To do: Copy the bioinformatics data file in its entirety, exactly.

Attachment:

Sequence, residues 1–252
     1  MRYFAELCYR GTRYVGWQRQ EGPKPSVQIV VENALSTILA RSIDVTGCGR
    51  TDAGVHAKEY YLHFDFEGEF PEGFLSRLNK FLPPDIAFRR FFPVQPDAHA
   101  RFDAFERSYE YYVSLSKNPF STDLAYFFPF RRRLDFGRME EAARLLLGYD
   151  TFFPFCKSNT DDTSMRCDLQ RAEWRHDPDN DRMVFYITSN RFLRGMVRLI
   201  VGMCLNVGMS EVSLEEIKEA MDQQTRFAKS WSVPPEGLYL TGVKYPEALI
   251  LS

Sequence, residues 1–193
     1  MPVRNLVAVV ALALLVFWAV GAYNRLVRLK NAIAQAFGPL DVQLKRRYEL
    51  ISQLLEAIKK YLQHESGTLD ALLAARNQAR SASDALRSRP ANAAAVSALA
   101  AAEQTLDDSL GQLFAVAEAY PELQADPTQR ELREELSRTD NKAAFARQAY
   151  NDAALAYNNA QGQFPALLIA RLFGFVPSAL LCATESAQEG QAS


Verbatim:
Sequence, residues 1–252
     1  MRYFAELCYR GTRYVGWQRQ EGPKPSVQIV VENALSTILA RSIDVTGCGR
    51  TDAGVHAKEY YLHFDFEGEF PEGFLSRLNK FLPPDIAFRR FFPVQPDAHA
   101  RFDAFERSYE YYVSLSKNPF STDLAYFFPF RRRLDFGRME EAARLLLGYD
   151  TFFPFCKSNT DDTSMRCDLQ RAEWRHDPDN DRMVFYITSN RFLRGMVRLI
   201  VGMCLNVGMS EVSLEEIKEA MDQQTRFAKS WSVPPEGLYL TGVKYPEALI
   251  LS

Sequence, residues 1–193
     1  MPVRNLVAVV ALALLVFWAV GAYNRLVRLK NAIAQAFGPL DVQLKRRYEL
    51  ISQLLEAIKK YLQHESGTLD ALLAARNQAR SASDALRSRP ANAAAVSALA
   101  AAEQTLDDSL GQLFAVAEAY PELQADPTQR ELREELSRTD NKAAFARQAY
   151  NDAALAYNNA QGQFPALLIA RLFGFVPSAL LCATESAQEG QAS